- Pacing: It can be enticing to keep reading a book that you’re really into, or to binge watch a show, but doing either can be taxing on a Lyme-riddled brain. Often, I don’t know I’m overstimulated until it’s too late. I feel fine reading one page, and then another, and then all of a sudden, my head feels like it’s full of molasses. I’ve learned to stop while I’m ahead. You might tell yourself, “I have to stop reading after two pages, even if I feel fine, and rest for twenty minutes.” Eventually, as your infections get better, you’ll be able to do more, but you have to think of improving cognitive function as a marathon, not a sprint.
- Making lists: Because memory can be so impacted by tick-borne illness, it can help to make to-do lists for each day. You can literally write down tasks like “shower” and “eat lunch,” and check them off when you’ve done them (it’s especially helpful to set reminders, either in writing or on your phone, to take your medications). Write out only what you can handle for one day at a time, and put other items on lists for later in the week. Remember to include self-care items, too, like “rest” or “take a bath.”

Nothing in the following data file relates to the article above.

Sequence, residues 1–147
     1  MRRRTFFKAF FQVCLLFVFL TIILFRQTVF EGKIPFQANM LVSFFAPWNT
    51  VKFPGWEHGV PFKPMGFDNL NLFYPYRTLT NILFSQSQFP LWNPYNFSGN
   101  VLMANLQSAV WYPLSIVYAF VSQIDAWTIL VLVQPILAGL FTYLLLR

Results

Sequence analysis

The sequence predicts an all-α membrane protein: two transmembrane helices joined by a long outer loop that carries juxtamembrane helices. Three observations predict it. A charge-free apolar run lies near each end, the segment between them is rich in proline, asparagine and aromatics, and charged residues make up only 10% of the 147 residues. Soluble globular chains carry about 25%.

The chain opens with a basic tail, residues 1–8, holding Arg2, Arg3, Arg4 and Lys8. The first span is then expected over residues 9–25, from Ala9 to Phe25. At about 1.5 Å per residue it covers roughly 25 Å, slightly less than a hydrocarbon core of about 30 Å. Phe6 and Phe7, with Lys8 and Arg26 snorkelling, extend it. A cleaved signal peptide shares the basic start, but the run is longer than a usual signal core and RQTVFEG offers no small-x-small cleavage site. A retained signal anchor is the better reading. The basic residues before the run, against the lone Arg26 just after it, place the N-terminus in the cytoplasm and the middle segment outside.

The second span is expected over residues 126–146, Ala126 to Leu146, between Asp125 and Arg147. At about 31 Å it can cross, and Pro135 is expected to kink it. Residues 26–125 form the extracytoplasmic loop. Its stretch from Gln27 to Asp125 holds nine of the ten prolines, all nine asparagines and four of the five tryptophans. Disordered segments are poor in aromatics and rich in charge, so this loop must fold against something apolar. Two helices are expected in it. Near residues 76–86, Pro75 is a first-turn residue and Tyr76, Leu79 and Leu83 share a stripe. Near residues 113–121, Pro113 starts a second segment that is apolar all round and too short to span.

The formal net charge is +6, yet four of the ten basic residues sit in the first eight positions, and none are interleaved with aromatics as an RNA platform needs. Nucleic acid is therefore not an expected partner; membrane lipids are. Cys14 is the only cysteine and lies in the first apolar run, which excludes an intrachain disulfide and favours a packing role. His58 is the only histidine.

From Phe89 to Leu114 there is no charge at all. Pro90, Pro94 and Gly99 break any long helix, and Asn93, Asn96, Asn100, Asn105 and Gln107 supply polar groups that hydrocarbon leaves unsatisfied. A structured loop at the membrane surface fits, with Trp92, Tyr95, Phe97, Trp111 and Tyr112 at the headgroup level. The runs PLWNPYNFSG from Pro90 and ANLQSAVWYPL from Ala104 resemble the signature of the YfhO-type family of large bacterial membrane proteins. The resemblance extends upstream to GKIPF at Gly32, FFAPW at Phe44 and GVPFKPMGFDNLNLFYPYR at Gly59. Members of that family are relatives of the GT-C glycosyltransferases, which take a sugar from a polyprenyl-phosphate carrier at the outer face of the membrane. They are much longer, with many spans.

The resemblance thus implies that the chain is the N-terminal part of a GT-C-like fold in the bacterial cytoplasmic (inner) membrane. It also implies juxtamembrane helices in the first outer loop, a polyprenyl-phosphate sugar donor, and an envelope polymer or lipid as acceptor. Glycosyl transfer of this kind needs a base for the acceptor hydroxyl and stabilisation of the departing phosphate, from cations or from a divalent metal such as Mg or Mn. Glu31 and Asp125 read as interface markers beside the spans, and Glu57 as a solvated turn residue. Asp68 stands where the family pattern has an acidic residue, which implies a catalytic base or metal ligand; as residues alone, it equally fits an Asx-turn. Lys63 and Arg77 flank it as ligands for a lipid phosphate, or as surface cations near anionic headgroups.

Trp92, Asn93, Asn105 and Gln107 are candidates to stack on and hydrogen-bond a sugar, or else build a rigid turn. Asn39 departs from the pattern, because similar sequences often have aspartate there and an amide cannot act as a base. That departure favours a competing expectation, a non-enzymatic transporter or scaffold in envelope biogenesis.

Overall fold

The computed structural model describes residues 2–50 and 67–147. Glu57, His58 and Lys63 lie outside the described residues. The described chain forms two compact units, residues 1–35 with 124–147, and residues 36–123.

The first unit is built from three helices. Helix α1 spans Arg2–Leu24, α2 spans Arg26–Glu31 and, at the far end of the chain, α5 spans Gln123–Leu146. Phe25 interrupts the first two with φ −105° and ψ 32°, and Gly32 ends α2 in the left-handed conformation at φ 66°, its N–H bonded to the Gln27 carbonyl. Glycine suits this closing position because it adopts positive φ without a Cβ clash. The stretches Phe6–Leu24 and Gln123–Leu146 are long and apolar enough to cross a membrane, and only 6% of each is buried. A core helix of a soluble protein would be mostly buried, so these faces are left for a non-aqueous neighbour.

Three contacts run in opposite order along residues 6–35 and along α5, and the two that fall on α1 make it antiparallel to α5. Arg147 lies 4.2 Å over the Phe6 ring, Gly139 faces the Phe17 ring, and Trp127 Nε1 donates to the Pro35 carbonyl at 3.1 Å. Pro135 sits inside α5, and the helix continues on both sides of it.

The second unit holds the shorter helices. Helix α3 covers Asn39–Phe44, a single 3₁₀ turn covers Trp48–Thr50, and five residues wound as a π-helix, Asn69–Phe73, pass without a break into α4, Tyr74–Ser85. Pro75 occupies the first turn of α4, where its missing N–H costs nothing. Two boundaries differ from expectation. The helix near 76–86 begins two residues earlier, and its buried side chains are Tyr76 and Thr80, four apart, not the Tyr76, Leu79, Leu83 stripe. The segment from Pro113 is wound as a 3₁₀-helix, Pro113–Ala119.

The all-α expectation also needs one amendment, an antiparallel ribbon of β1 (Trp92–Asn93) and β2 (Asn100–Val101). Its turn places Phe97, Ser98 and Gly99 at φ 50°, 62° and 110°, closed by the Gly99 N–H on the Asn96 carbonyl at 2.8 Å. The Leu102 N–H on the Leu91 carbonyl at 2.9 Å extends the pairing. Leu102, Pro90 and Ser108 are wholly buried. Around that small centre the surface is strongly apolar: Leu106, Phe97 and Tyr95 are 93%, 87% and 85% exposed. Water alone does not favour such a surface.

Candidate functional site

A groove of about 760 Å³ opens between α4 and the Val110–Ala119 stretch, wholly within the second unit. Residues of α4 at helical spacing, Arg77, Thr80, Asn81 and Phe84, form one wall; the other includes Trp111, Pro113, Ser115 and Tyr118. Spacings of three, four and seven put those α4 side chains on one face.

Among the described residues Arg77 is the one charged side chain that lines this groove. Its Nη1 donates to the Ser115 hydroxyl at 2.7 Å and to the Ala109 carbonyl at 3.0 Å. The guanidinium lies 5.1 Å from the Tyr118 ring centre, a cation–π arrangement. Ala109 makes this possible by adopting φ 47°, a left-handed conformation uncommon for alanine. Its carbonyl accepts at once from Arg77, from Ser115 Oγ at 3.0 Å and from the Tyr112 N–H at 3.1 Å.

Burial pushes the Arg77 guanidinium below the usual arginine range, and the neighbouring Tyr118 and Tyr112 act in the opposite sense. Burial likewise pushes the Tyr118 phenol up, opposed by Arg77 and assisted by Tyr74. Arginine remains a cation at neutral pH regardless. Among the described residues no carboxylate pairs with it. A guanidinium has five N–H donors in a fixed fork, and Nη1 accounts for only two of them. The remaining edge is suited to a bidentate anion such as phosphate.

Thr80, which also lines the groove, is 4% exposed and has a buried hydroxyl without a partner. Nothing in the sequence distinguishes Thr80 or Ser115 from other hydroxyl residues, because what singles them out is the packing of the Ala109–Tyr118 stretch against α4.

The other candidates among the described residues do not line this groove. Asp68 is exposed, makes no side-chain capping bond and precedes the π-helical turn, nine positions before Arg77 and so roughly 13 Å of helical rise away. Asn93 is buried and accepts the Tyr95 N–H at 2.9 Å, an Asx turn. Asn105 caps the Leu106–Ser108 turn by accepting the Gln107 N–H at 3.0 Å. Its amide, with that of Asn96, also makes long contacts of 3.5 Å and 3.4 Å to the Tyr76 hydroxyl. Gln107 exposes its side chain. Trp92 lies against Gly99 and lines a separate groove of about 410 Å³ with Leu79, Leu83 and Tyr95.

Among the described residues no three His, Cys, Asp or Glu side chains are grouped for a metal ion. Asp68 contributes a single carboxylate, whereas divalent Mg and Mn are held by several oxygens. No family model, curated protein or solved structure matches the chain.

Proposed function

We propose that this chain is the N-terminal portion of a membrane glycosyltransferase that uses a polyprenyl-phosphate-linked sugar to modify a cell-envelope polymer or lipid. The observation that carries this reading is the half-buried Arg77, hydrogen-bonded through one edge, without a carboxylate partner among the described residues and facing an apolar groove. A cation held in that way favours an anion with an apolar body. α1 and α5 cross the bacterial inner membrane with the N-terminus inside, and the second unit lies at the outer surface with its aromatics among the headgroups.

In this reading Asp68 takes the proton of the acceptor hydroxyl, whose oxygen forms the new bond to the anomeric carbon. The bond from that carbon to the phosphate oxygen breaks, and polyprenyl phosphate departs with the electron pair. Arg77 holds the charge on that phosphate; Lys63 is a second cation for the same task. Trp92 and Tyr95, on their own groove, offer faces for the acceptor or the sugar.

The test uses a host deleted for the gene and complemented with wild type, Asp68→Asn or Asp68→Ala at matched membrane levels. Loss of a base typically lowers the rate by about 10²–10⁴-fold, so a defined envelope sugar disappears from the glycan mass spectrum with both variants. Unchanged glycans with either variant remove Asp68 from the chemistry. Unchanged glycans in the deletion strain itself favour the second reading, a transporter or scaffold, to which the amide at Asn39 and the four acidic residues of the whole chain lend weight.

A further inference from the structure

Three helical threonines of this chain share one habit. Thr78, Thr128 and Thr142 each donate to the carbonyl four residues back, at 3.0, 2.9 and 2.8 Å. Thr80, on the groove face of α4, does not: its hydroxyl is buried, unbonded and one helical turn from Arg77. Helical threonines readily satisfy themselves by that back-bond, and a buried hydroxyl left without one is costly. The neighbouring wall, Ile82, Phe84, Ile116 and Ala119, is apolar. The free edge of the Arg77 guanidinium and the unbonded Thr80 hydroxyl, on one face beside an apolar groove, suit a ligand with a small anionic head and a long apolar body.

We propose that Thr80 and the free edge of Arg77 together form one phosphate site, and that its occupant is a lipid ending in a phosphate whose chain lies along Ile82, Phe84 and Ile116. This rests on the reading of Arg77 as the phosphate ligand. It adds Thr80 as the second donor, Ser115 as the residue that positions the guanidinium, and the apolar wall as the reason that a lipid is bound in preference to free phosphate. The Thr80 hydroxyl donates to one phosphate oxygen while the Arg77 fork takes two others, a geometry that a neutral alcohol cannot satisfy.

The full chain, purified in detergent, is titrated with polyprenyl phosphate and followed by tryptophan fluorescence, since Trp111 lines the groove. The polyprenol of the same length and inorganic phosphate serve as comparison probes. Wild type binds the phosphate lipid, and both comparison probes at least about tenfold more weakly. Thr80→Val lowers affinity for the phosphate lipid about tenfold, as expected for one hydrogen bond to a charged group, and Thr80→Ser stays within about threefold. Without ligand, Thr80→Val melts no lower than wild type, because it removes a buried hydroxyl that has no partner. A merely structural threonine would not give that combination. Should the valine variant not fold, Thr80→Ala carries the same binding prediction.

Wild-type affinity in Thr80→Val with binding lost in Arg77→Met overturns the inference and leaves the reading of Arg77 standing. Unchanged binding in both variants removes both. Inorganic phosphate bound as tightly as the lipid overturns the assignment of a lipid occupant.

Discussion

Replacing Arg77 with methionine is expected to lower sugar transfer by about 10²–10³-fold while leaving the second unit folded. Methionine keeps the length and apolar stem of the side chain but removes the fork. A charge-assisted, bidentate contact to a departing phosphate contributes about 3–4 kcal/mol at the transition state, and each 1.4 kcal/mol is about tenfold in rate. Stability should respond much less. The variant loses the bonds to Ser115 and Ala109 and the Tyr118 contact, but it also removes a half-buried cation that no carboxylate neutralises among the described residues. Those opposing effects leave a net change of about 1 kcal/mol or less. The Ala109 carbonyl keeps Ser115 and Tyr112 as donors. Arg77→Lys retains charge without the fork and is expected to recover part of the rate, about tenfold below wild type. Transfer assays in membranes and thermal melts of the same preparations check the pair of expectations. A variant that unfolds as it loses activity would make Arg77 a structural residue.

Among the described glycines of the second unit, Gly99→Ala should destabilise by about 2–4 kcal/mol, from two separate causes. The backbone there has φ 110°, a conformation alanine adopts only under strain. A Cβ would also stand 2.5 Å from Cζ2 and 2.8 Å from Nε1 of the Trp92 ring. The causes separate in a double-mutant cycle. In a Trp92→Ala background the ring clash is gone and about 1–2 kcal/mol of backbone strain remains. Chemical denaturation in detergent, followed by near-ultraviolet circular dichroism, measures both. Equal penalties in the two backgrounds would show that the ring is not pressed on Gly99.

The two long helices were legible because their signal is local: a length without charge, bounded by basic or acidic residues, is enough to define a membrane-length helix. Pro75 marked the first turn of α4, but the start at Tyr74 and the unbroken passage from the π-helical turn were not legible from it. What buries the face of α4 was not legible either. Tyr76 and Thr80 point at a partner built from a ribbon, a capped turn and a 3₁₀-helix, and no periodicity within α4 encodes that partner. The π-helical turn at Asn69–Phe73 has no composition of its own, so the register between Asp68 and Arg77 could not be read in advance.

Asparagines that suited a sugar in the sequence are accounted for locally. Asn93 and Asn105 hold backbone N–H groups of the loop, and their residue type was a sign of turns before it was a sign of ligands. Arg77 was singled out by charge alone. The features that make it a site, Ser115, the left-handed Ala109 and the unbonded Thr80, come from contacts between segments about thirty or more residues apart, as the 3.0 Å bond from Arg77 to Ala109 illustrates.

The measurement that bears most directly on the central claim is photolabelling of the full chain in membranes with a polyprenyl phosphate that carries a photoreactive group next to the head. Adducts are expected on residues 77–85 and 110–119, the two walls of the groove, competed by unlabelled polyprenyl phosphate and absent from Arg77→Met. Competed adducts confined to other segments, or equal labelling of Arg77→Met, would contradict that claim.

- Neurofeedback: This non-invasive brain training program helps your brain to work optimally (the system I use is called Neuroptimal). I use it to help quiet my brain down; others use it to sharpen their thinking. The process uses your brain’s own information to figure out what it needs. It’s a relaxing process that involves watching kaleidoscope images on a screen (you can close your eyes if those feel overstimulating) and listening to gentle music while sensors are attached to your head. You’ll hear occasional skips in the music, which are signals that help your brain get back to its optimal state. Neuroptimal is great because it works on the whole brain at once. The neurofeedback practitioners I’ve worked with have cautioned against doing neurofeedback that only works on one section of the brain at once, saying this can actually worsen Lyme brain. I first got connected with my practitioner through a sleep clinic (which meant that sessions were covered by insurance). Your LLMD may want to do a sleep study, or refer you to a practitioner; you can also find one through the Neuroptimal site.
- Body work/cranial sacral massage: I do a type of hands-on therapy called Integrative Manual Therapy, which encompasses cranial sacral therapy and neurofascial processing. This gentle, light touch helps lymphatic drainage, and often calms my limbic system Easing these symptoms reduces my brain fog, allowing for better cognitive function. Some physical therapists offer this type of therapy (which again means that insurance can cover it).